Like most Kenyans, Millicent Kaari dreamt of owning her own home, so when the opportunity to buy a piece of land presented itself in 2006, she snapped it up. She bought a piece of land in Ruai, off Kangundo Road, for Sh60,000, viewing it as a first step towards saying goodbye to landlords and their pesky agents.

“I was informed about the piece of land in Ruai by a workmate. I jumped at the opportunity because I thought it was time to have that one-eighth plot every Kenyan yearns for,” she says with a smile, alluding to Kenyans’ love for land.

After buying the land she began building her dream house. Unfortunately, due to a long bout of illness, she could not visit the site to monitor the construction for quite a while.

“In 2014, after I had recovered, I decided to continue with the project. To my surprise, my house, which was awaiting only the roofing, was gone; not even the building blocks could be accounted for,” says Ms Kaari, a senior clerical officer at the Kenya Literature Bureau.

She told DN2 that upon inquiring from her neighbours, she was informed that a woman had been regularly visiting the land, and even claimed to own it. Not unduly worried, Ms Kaari felt the agents she had used could explain what happened

“They reaffirmed that the land was still mine, but I could tell from their reactions that something was amiss, so I decided to conduct my own investigations,” she says. “When I asked around — though no one was willing to give any details — I was told that there were dodgy land dealers around that area who would sell seemingly abandoned parcels of land,” she says.

Shocked by that realisation that she might have been conned, she gave up on the idea of building on the land and decided to sell it to get back her money. However, every buyer she approached would grow cold feed after talking to the neighbours.

Ms Kaari is just one victim of rogue land dealers out to swindle potential buyers. Cases of land grabbing, forged title deeds, or investors losing money to unscrupulous land sellers are commonplace in the country. This raises the question, which factors should one consider before buying land?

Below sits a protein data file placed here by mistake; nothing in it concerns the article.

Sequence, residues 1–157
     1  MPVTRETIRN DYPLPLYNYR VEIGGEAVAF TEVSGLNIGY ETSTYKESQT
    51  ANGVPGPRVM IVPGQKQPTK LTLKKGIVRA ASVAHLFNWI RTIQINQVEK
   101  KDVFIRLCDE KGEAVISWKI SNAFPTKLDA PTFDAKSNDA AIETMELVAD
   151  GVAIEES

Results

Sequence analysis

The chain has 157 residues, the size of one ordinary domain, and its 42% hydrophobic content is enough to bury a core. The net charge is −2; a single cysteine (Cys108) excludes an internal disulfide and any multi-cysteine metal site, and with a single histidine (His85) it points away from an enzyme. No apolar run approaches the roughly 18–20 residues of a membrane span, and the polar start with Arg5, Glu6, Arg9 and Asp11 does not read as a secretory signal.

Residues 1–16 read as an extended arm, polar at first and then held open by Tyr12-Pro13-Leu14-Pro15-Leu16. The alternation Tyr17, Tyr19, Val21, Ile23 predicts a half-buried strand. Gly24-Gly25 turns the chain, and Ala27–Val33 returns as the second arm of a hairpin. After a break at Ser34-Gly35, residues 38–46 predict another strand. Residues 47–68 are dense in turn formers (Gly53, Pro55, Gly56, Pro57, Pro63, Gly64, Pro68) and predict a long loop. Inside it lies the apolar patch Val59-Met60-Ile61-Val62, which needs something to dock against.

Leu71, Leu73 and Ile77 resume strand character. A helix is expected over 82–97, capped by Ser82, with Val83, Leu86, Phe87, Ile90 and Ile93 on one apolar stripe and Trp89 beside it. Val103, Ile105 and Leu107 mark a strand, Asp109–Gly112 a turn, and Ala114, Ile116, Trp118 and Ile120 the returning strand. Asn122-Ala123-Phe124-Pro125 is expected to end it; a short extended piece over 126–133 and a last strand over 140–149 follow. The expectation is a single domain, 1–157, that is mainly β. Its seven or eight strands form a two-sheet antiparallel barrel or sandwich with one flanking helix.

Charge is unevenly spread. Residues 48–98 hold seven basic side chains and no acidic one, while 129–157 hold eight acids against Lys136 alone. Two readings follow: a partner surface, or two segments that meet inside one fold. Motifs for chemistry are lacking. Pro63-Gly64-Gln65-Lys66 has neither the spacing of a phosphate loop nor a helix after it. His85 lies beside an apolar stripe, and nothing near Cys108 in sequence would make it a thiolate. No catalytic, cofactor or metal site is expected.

To answer this question, DN2 spoke to Gilbert Kibire, a real estate valuer and executive director of Icon Valuers Ltd.


According to Mr Kibire, the first thing to do if you’re looking for land to buy is conduct due diligence.

“This refers to the verification of the authenticity of the property,” he says, adding that one needs to verify that the title is for a parcel of land that actually exists on the ground on the map from the Survey of Kenya. It also helps the buyer avoid land on road reserves or wayleaves.

Mr Kibire says one should do a search at least three times, on different dates, and if possible, by three different applicants to avoid being cheated.


The location of the land is one of the most critical factors a land buyer should consider according to Mr Kibire.

“It determines the services available, the value attached to the land and the use to which one can put it,” he says. “The land buyer should study the area for community attitudes as this could have long-term effects on his or her personal contentment and happiness in the future. He or she should talk to the residents in the area to find out what it might be like living there.”

Reputation of the agent

Mr Kibire advises potential land buyers to buy land through qualified land dealers, who are vetted and registered by the Estate Agency Registration Board, to avoid falling into the wrong hands.

He says this is important because, should disagreements arise later, a registered land valuers can easily be held to account.


Further, Mr Kibire advises, if you are buying land to build a residential house, you would want to avoid areas that are prone to natural disasters such as flooding.

He says that the recent flooding in Nairobi is a new phenomenon that is likely to be a game-changer in the property market, adding that people might opt to move to higher land and abandon low-lying areas.

He advises property buyers to thoroughly scrutinise the surrounding environment for any possible natural hazards.

Amenities and communal facilities

“The buyer should check carefully water, sewer and drainage systems before buying a plot of land,” says Mr Kibire. For instance, if you intend to build an apartment on the land, there must be a sewer line in the vicinity.

Further, access to good roads is a plus to the land. He says that very narrow roads are not ideal for modern and high-density developments. The land buyer should also look out for public amenities such as schools, churches, and shopping malls, which should be within a reasonable distance.

“Avoid land that has permanent easements likely to interfere with its use,” Mr Kibire advises, adding that it is impossible to block permanent easements such as pathways that cut across the land and have been use dfor a long time by the neighbouring community.

The LAPSSET project, one of the vision 2030 flagship projects and the construction of bypasses are some of the government plans that have had far and wide-reaching effects on private property. Mr Kibire advises potential land buyers to have in mind such lon -term projects that might displace them from their property through compulsory acquisition.

Commenting on Ms Kaari’s case, Mr Kibire terms it as a case of an absentee landlord that gave a green light to dodgy land dealers.

“Ideally, if you intend to leave land idle for a long time, you should construct a temporary structure and get a caretaker or someone to occupy and look after it,” he suggests.

Daily Nation/DN2/05-05-2016